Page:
As the world becomes more aware of and active in coming together to solve shared problems, as individuals reassess their priorities and search for meaning, and as people challenge the roles and limits of governments, business and economic models are also evolving. This emphasis away from institutional power to personal power and collective influence has been driven by a palpable increase in consciousness. The economic shift we are observing in real time is moving from and through authoritarian capitalism, to shareholder capitalism, to conscious capitalism, to Karmic Capitalism.
The great resignation, personal privacy, global warming, race and gender inequality, and the desire to pursue a more abundant life are signals that many assumptions of capitalism must evolve. In capitalism the free market determines which product, service or idea wins, based on price and a value equation. As society evolves, the idea of the free market and capitalism must also evolve to remain relevant and to reflect new societal norms. As we move into a continuously compounding metaverse, to be relevant, businesses must embrace a new model of capitalism that is purposeful, sustainable, equitable, flexible and personally relevant.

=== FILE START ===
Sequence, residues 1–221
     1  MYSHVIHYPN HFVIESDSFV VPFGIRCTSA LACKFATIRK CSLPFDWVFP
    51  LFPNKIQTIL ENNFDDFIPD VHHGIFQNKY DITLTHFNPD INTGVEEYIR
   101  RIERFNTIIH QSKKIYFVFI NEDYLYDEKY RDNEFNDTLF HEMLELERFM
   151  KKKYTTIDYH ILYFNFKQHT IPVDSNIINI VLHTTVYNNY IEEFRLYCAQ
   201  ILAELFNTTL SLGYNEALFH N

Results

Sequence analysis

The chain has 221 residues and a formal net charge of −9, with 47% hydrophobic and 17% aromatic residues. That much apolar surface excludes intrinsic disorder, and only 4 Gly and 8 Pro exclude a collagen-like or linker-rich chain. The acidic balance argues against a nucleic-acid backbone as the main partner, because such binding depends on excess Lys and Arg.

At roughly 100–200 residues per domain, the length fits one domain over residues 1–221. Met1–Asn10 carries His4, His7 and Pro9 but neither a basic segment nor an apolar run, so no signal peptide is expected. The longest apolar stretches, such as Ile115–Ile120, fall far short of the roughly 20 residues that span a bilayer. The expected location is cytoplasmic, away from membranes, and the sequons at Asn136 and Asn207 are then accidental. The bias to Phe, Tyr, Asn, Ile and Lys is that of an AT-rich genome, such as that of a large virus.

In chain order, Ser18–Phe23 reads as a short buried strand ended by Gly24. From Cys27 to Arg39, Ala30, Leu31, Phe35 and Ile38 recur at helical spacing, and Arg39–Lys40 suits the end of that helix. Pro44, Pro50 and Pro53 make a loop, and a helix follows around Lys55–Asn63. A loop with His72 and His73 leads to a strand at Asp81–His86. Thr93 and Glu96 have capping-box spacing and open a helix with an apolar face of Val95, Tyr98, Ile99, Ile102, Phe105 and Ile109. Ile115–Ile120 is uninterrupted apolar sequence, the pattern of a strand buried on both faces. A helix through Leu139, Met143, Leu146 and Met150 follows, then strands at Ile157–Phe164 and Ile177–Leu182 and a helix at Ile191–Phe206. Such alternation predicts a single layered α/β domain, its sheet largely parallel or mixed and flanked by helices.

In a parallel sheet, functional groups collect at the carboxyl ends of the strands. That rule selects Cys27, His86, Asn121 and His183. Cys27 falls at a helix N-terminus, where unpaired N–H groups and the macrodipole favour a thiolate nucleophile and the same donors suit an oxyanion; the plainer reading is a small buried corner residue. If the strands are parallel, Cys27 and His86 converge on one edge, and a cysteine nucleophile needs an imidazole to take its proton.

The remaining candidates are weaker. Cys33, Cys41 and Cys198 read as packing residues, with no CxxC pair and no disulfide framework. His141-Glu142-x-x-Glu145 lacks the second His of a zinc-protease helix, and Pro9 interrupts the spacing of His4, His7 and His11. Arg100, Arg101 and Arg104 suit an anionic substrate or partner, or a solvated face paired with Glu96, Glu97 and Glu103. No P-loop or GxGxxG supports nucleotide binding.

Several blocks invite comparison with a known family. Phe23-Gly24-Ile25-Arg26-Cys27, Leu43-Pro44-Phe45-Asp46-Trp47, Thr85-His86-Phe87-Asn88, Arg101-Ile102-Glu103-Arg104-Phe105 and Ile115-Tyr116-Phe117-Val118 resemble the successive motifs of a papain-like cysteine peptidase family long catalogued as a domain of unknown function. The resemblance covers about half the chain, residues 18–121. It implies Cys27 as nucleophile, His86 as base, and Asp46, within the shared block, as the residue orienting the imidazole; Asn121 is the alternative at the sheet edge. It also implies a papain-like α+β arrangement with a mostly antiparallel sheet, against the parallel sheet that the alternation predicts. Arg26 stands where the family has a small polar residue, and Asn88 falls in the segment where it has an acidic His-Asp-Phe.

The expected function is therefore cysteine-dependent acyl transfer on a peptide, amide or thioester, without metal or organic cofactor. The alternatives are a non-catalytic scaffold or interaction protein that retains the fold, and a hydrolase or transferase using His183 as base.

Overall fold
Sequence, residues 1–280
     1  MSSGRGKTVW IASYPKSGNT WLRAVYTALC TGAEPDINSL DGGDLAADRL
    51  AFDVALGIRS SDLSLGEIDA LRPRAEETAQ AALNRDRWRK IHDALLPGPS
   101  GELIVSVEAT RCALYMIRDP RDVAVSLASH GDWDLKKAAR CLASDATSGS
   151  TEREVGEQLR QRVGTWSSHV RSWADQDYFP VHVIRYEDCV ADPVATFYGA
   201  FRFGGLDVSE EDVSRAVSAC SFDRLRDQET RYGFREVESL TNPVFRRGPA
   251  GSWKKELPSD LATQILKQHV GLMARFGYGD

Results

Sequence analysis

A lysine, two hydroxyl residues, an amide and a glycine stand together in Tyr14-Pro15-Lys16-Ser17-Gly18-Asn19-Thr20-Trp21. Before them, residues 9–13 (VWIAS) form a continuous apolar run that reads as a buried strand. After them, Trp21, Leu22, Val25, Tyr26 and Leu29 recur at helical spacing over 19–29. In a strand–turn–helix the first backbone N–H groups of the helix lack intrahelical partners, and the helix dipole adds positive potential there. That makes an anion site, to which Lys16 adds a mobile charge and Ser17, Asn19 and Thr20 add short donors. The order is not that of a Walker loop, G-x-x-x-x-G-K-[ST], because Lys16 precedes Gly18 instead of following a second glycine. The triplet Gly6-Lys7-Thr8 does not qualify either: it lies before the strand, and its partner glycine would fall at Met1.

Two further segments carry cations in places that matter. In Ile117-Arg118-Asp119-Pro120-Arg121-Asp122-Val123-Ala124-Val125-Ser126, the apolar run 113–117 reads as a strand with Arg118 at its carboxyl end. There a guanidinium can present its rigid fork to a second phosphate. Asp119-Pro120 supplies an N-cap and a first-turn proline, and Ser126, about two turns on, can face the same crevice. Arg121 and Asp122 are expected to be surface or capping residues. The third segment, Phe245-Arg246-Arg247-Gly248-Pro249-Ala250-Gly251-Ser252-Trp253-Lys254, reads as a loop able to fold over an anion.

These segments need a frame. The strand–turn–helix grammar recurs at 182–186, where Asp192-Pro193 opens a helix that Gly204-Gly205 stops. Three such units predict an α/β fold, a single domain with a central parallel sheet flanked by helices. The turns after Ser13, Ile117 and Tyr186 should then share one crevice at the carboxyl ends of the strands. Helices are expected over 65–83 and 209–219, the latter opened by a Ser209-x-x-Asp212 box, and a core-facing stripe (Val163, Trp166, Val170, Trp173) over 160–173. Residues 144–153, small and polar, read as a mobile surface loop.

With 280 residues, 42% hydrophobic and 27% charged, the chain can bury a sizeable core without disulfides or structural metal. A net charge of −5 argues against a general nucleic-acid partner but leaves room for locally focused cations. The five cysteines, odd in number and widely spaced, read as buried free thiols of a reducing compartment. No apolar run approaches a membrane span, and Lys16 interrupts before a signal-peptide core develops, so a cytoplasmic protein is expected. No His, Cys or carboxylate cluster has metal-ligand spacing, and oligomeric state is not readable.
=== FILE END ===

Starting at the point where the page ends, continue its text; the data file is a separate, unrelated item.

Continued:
Characteristics that differentiate Karmic Capitalism from the previous versions of capitalism are:
Capitalism 1.0 – Authoritarian/Stakeholder
- Zero sum mindset
- Profit-driven mission
- Autocratic labor-based operations
- Solutions are profit-focused
- Sustainability is secondary
- Top-down management structure
- Monopoly focused
- Small groups receive the majority of wealth
Capitalism 2.0 – Shareholder
- Competitive mindset
- Government regulated
- Company-driven mission
- Bureaucratic process-based operations
- Solutions are earnings-focused
- Sustainability is mixed
- Open and closed sourced
- Board management structure
- Market share focused
- Shareholders receive the majority of wealth
Capitalism 2.5 – Conscious
- Contextual mindset